It’s often taken for granted that Christian conservatives’ uneasiness with Mormonism best explains why Mitt Romney has struggled to win-over those voters.

In Inside the Circus, a new e-book about the 2012 campaign by Politico’s Mike Allen and Evan Thomas, the Romney campaign is depicted as so consumed with worry that the candidate’s faith would hurt him with the evangelicals that dominated the Iowa caucuses that it failed to anticipate Rick Santorum’s rise. “Part of the reason for the ceiling [of support], quite frankly, is the Mormon thing,” a Romney aide told the authors. “If he was even an Episcopalian, he’d be better off today.”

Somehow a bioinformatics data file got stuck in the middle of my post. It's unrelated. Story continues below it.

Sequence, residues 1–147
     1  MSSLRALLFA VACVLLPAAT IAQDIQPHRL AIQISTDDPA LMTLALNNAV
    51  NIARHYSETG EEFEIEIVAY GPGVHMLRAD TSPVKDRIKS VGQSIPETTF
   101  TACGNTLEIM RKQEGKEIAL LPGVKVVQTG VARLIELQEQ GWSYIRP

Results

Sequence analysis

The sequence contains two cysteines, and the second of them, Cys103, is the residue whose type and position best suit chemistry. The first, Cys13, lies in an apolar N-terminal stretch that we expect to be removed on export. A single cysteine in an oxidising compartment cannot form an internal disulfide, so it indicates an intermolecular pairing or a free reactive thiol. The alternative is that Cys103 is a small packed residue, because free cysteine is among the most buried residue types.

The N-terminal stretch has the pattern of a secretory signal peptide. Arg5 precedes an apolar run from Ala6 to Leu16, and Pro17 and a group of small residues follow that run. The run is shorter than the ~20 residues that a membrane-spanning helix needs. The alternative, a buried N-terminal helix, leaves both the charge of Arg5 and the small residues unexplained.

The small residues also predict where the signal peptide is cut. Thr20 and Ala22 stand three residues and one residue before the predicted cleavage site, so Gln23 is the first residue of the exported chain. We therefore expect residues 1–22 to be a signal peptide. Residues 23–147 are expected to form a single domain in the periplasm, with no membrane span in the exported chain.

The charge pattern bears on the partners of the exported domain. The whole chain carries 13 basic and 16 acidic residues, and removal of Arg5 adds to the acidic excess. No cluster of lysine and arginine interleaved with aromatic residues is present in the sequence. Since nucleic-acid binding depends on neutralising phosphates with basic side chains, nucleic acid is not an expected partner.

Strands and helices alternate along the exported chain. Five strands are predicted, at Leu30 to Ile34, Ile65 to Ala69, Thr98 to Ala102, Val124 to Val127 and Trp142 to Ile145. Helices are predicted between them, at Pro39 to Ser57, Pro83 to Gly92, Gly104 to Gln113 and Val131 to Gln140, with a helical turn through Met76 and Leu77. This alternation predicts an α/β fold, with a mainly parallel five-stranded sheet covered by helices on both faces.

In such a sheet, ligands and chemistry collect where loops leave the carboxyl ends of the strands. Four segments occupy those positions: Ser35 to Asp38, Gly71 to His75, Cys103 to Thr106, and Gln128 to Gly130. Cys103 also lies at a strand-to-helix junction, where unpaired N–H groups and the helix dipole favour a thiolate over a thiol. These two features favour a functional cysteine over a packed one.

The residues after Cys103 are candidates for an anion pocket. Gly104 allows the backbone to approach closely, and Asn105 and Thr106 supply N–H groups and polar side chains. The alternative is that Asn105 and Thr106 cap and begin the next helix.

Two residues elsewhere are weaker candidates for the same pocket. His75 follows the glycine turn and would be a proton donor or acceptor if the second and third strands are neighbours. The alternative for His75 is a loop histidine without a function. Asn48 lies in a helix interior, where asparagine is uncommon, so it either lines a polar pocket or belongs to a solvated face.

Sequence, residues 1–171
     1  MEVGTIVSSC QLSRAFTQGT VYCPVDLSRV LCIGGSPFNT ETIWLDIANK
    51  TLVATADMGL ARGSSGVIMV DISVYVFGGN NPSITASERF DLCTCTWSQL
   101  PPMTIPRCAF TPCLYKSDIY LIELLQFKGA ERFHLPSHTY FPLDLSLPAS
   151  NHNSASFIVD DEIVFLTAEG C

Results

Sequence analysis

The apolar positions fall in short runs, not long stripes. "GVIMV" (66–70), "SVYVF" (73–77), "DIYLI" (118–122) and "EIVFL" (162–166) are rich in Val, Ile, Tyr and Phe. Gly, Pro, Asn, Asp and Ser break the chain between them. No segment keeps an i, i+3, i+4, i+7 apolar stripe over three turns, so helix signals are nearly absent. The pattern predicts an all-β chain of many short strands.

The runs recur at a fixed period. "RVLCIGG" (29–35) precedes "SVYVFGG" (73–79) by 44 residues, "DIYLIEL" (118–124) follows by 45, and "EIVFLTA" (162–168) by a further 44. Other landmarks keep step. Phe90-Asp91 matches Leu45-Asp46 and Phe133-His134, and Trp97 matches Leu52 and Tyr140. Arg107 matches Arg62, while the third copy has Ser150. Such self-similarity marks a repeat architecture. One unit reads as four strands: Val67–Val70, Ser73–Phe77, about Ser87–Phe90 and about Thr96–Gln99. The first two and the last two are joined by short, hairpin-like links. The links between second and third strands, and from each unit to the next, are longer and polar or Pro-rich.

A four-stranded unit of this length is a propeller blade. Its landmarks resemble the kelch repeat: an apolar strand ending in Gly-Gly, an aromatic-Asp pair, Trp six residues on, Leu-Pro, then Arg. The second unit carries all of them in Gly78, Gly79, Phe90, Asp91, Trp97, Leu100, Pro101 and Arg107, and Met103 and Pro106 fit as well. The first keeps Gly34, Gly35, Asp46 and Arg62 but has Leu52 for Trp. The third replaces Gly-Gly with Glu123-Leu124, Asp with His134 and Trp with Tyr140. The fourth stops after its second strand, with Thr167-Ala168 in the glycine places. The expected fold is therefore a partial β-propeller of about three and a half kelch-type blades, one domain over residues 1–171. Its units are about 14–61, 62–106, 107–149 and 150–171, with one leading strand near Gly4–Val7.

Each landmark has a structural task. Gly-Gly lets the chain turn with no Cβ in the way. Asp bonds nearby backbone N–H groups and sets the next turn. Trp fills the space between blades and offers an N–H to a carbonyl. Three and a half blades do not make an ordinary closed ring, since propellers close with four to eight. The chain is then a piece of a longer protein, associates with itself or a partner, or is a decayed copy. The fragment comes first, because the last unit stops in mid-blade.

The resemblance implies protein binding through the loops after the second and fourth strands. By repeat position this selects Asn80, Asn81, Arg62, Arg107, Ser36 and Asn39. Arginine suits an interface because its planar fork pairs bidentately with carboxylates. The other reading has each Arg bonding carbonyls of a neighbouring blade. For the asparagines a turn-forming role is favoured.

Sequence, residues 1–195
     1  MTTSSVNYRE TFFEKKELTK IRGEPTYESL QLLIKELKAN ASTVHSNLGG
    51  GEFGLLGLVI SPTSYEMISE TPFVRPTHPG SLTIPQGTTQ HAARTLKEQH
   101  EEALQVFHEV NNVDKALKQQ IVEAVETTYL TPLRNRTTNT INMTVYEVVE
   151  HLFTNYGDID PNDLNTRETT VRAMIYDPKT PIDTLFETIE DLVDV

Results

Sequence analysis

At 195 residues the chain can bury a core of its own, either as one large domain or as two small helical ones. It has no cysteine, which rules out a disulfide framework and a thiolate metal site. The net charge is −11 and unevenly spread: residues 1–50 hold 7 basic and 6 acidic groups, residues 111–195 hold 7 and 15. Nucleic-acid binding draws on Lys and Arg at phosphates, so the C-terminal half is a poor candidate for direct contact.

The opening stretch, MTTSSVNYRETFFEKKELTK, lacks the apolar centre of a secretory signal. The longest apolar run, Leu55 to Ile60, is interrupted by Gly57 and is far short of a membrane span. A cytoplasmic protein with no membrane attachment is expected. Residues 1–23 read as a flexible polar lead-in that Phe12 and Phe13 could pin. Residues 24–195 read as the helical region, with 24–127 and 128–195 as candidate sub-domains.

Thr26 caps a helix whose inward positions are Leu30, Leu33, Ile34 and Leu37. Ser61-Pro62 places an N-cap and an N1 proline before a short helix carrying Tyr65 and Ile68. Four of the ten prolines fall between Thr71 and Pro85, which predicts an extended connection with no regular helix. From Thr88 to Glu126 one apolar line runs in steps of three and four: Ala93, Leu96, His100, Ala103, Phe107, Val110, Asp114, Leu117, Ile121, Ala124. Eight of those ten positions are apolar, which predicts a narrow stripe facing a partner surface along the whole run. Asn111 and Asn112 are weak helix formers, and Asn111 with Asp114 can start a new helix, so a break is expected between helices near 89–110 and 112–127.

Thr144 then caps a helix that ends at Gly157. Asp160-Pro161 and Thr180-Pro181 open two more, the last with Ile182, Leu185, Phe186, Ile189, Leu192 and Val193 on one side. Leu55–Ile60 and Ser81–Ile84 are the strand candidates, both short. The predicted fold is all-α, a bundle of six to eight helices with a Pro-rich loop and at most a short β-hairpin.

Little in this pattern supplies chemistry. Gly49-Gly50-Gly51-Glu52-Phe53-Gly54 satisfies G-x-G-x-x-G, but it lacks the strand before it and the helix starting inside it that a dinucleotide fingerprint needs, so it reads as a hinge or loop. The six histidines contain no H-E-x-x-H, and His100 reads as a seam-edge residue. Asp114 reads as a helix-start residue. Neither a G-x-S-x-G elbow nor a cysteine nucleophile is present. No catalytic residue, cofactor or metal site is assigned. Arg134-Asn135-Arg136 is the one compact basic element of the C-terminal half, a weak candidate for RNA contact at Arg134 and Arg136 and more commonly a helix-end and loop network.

Negative perceptions of Mormonism so worried Romney’s 2008 presidential team that, according to Politico, “the dilemma had its own acronym in campaign power point presentations: TMT (That Mormon Thing).”

Of course, Romney’s ideologically malleability and political opportunism — not his faith — has always been his biggest liability with conservatives. But the Mormon angle allowed the media to portray conservatives as bigoted theocrats.

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